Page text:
August 6, 2012

Review: Breaking Upwards – 'Celeste and Jesse Forever'

Sometimes, I forget how much I love romantic comedies. They are the original cinematic genre for the masses, after all. Unfortunately, most of them (made by studios) are awful and predictable and their independent counterparts fall plight to the manic pixie dream girl. Fortunately, Celeste and Jesse Forever starring, co-written, and produced by Rashida Jones (as Celeste) is mostly a triumph of emotional honestly and subtle, revealing humour.

It's more than a breakup comedy about a young married couple struggling to stay friends after separating. The wistful comedy moves along well, following Jones with a playful self-awareness and healthy dose of quirk. Jones plays off Saturday Night Live alumnus Andy Samberg (as her ex Jesse) and a strong cast populated with hip actors playing trendy young professionals in Los Angeles.

The film could easily devolve into a barrage of cultural references with plot points about trend spotting, technology, and hipster life. Written by Jones and actor Will McCormack, who has a supporting role, the story is very loosely based on their own relationship. You can see and feel the personal touches with Samberg acting off his goofy demeanour slowly revealing depth as his Jesse tries to evolve into an adult.

Many rom coms lack a consistent visual style and all to often are glossy and bright. Here, the movie maintains a visually appealing music video aesthetic throughout and I mean that in the best way possible. From director Lee Toland Krieger, the framing, composition, colour, and style fit the characters and their surroundings. Krieger films Los Angeles like a local, using understated, more casual settings and locales, adding to a nice overall cinematic atmosphere.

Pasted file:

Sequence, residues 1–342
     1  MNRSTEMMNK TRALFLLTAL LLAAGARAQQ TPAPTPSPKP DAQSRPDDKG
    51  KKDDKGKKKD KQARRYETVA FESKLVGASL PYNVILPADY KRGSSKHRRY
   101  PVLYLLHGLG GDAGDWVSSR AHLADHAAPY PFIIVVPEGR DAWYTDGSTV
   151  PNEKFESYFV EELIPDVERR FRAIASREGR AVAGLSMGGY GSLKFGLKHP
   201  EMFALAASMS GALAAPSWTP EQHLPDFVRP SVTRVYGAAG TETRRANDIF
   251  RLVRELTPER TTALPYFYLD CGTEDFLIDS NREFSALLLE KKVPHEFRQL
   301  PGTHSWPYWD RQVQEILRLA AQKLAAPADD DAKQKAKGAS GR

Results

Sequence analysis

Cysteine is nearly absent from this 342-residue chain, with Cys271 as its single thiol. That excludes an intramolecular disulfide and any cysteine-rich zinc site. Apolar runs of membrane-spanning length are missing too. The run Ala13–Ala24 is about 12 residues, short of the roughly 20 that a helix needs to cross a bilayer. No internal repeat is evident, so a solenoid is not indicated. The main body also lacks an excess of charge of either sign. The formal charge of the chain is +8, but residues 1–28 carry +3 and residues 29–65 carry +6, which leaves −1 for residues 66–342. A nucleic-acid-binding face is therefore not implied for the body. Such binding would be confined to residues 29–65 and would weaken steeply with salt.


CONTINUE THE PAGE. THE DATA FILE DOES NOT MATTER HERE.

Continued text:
The film is anchored by Jones' strong, reserved, and understated performance as she goes through a range of emotions. She's not afraid of acting out, being ugly, or unsympathetic. We've all been there and recognize the behaviour. It has all the trappings of romantic comedies with messy breakups, quirky best friends, gay coworkers, beautiful rivals, friendly drug dealers, and so on. However, it sublimates and embraces these conventions to build interesting character dynamics and development.

Celeste and Jesse Forever is a charming yet heartbreaking story about love, loss, and letting go. The cultural and emotional touchstones are honest and refreshing. It has a smart, underscored script, is well acted and directed. Everyone and everything is relatable. It charms and captures small moments of life, work, and love well. Despite our best intentions and feelings, things sometimes just don't work out.

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